Austria presents emergency plan to reduce dependence on Russian gas

This decision comes with the aim of preventing a possible cut off from Moscow.

Austria presented an emergency plan on Wednesday aimed at rapidly reducing the share of gas it consumes from Russia from 80% to 70%, in order to prevent any possible cuts, a turning point for this country with strong ties. industries with Moscow.

The measures will greatly reduce our dependence on Russian gas“, declared to the journalists the ecologist minister in charge of energy Leonore Gewessler. For the first time, the State will constitute a strategic reserve with non-Russian gas accessible to companies, making it possible to cover the total consumption of the country for two winter months.

It will also impose the filling of all the facilities hitherto unused. It is not “more palatable» that the Gazprom subsidiary, GSA, does not store, underlined Leonore Gewessler. “If Gazprom does nothing“, other alternative providers “will have accessto infrastructure. “It is absolutely justified“.

A major strategic shift

The reserves allocated to Gazprom in the Haidach center near Salzburg, one of the largest in Central Europe, are currently empty. Hitherto connected to the German network, Haidach and the other reservoirs will also be connected to the Austrian ensure that domestic customers can be supplied” if necessary.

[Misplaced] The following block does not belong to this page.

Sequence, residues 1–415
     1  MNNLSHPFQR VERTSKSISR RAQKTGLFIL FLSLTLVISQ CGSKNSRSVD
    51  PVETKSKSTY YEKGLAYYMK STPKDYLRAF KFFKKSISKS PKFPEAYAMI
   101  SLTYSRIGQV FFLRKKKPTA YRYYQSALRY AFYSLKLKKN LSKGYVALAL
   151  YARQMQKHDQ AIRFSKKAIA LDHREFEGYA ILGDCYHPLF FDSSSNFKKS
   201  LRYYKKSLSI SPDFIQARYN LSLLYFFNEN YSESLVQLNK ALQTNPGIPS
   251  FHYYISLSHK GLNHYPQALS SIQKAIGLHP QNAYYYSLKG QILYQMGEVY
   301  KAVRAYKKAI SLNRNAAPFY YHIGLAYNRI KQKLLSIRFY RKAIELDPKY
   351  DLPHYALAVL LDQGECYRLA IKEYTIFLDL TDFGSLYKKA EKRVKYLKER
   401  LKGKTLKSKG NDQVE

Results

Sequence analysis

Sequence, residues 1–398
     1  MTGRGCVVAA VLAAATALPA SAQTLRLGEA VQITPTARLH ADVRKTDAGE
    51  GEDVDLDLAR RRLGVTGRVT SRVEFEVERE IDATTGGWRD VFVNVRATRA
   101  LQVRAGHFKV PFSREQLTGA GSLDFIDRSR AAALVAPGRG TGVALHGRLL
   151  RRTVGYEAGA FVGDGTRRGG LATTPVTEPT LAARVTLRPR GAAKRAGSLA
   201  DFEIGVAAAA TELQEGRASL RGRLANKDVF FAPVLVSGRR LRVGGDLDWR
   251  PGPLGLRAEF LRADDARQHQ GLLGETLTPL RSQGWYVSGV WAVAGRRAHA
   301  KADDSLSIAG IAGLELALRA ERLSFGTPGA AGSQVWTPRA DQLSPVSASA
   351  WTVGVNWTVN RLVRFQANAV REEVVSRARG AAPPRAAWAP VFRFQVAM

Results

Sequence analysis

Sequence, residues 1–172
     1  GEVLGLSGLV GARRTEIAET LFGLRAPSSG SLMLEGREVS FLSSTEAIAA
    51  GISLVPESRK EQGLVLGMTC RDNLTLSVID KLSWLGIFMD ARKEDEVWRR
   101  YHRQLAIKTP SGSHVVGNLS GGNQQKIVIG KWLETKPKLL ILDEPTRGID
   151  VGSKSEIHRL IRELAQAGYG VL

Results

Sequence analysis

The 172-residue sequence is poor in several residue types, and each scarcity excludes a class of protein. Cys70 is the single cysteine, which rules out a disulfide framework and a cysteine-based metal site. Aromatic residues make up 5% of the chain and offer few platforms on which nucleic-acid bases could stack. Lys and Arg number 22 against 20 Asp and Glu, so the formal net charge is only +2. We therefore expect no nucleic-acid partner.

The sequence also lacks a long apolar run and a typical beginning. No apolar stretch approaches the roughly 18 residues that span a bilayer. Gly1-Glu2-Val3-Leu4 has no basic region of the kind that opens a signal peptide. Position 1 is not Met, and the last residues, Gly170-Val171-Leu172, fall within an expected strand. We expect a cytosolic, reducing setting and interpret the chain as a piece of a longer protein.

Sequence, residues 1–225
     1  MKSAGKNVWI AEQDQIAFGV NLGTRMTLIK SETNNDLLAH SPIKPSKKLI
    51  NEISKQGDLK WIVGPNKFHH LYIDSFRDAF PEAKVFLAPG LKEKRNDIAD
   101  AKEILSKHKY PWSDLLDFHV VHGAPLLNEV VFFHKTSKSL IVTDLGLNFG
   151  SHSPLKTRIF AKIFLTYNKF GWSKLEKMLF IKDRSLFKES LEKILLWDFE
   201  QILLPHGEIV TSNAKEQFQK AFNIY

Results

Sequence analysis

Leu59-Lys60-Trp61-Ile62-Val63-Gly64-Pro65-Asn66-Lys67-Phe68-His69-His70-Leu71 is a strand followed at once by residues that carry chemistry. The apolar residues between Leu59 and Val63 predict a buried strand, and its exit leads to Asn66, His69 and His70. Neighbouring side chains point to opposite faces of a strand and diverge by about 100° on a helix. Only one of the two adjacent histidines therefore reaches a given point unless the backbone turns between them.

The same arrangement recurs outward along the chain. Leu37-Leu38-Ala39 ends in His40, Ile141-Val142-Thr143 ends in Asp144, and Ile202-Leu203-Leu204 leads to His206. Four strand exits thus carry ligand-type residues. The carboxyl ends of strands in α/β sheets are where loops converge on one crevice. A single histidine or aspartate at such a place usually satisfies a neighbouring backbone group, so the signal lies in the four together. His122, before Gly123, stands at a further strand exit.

Austria reported on Wednesday a storage rate of 26%, for a total capacity of 95.5 terawatt-hours, higher than the European average and its annual consumption (89 TWh/year).

The objective is to achieveat least 80% before the start of the next heating season“, said the government in a press release. All the measures must be adopted in the coming days by a two-thirds majority in the form of amendments to the existing law. This announcement constitutes a strategic shift for this rich country of 9 million inhabitants, non-member of NATO, which has built its industrial success on privileged links with Russia.

Imports on the rise in recent years

Austria was the first Western country to sign a gas delivery contract with the USSR in 1968 and cheap imports have continued to rise in recent years despite Russia’s annexation of Crimea in 2014. The Austrian group OMV renewed in 2018 its delivery contract with Gazprom until 2040.

Moscow has already cut off gas to Poland and Bulgaria, which have refused to pay their ruble bills as demanded by the Kremlin in response to EU sanctions following the invasion of Ukraine. The European Union has asked its member states to reduce their dependency by 2027.

SEE ALSO – War in Ukraine: Can the European Union do without Russian gas?

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